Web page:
The ability to design metamaterials with the prescribed properties is a key to their numerous applications and a focus of intense studies in the photonics community. As metamaterials are engineered at a scale which is much smaller than the wavelength of light, it is possible to treat them as a homogeneous medium with the effective values of permittivity and permeability. Nevertheless, there is no common approach to extract these effective parameters despite the significant efforts of the research community over the last years.
In a recent paper published in Phys Rev B, we propose a novel approach to extract the homogenized parameters by analyzing the reflection and transmission spectra. We show that this generalization preserves the physical meaning of the effective parameters at high frequencies and in the vicinity of resonances, where the nonlocal contributions cannot be neglected. It is also shown the decomposition of scattering spectra into even and odd modes helps to separate various contributions and to derive the explicit formulas for the effective permittivity and permeability which always satisfy the passivity and causality constraints.
There is currently one opening position for an Attaché Temporaire d'Enseignement et de Recherche ATER (one-year non-renewable assistant professor contract) associated to Aix Marseille University. The research program will be done in one the groups at the Fresnel Institute under the supervision of a statutory researcher.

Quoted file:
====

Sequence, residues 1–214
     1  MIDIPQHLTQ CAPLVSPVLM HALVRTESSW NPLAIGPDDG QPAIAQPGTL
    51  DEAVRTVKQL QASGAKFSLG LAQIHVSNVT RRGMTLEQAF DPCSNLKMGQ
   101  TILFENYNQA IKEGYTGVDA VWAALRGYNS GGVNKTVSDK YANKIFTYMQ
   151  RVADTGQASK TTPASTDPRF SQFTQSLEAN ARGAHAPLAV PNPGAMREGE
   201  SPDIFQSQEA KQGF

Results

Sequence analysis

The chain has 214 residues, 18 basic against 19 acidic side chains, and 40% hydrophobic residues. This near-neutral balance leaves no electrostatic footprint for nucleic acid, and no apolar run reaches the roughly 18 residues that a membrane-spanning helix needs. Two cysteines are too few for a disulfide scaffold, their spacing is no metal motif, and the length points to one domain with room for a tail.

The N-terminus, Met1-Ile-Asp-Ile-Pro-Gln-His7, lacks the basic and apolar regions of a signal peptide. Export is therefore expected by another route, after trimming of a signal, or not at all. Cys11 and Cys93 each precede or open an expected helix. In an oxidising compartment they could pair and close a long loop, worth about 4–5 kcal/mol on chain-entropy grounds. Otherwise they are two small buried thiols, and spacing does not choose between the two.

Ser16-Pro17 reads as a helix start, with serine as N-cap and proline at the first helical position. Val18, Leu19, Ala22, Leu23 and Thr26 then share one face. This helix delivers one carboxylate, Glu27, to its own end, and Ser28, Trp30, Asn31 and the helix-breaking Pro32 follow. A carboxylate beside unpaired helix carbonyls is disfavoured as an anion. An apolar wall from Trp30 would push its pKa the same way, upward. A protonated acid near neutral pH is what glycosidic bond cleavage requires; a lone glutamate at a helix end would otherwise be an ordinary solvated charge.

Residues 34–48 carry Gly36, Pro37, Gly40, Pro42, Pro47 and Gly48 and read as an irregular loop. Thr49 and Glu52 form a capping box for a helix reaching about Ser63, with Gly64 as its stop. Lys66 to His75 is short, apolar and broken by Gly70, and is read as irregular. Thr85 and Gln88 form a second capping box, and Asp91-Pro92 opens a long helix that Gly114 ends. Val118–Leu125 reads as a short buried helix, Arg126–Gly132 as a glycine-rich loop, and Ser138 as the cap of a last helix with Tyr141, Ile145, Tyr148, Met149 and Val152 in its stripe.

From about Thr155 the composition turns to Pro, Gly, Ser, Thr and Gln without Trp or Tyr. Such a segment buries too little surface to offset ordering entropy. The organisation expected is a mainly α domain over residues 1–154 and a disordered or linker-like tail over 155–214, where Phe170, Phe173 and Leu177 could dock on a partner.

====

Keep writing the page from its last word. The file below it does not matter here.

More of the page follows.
Deadline for application April 30th
Contract start September 1st
See the application procedure: http://drh.univ-amu.fr/public_content/recrutement-ater-2014-2015-modalites-liste-postes-section
See our new preprint released on ArXiv 1403.2222: Nanophotonic enhancement of the Förster resonance energy transfer rate on single DNA molecules
Nanophotonics achieves accurate control over the luminescence properties of a single quantum emitter by tailoring the light-matter interaction at the nanoscale and modifying the local density of optical states (LDOS). This paradigm could also benefit to Förster resonance energy transfer (FRET) by enhancing the near-field electromagnetic interaction between two fluorescent emitters. Despite the wide applications of FRET in nanosciences, using nanophotonics to enhance FRET remains a debated and complex challenge. Here, we demonstrate enhanced energy transfer within single donor-acceptor fluorophore pairs confined in gold nanoapertures. Experiments monitoring both the donor and the acceptor emission photodynamics at the single molecule level clearly establish a linear dependence of the FRET rate on the LDOS in nanoapertures. These findings are applied to enhance the FRET rate in nanoapertures up to six times, demonstrating that nanophotonics can be used to intensify the near-field energy transfer and improve the biophotonic applications of FRET.
Jerome will attend SPIE Photonics Europe 2014 conference in Brussels on April 14-17. He will present four contributions from the group:
- Paper 9126-57 Plasmonic nanoantennas for enhanced single molecule analysis at high concentrations (invited paper)
- Paper 9126-62 Enhanced fluorescence emission from resonant DNA assembled plasmonic nanoantennas loaded with single dye molecules
- Paper 9129-91 Hollow core photonic crystal fiber probes for Raman and fluorescence spectroscopy with photonic nanojet focusing
- Paper 9125-62 Homogenization of metamaterials through the singular analysis of scattering spectra
We have recently published a review paper about plasmonic antennas and zero mode waveguides (nanoapertures) to enhance the detection and analysis of fluorescent molecules. Single molecule spectroscopy techniques, FRET and FCS can greatly benefit from zero mode waveguides and plasmonic antennas to enter a new dimension of molecular concentration reaching physiological conditions. You can find the review on WIREs Nanomedicine and Nanobiotechnology, or alternatively, we posted an unedited version on arXiv.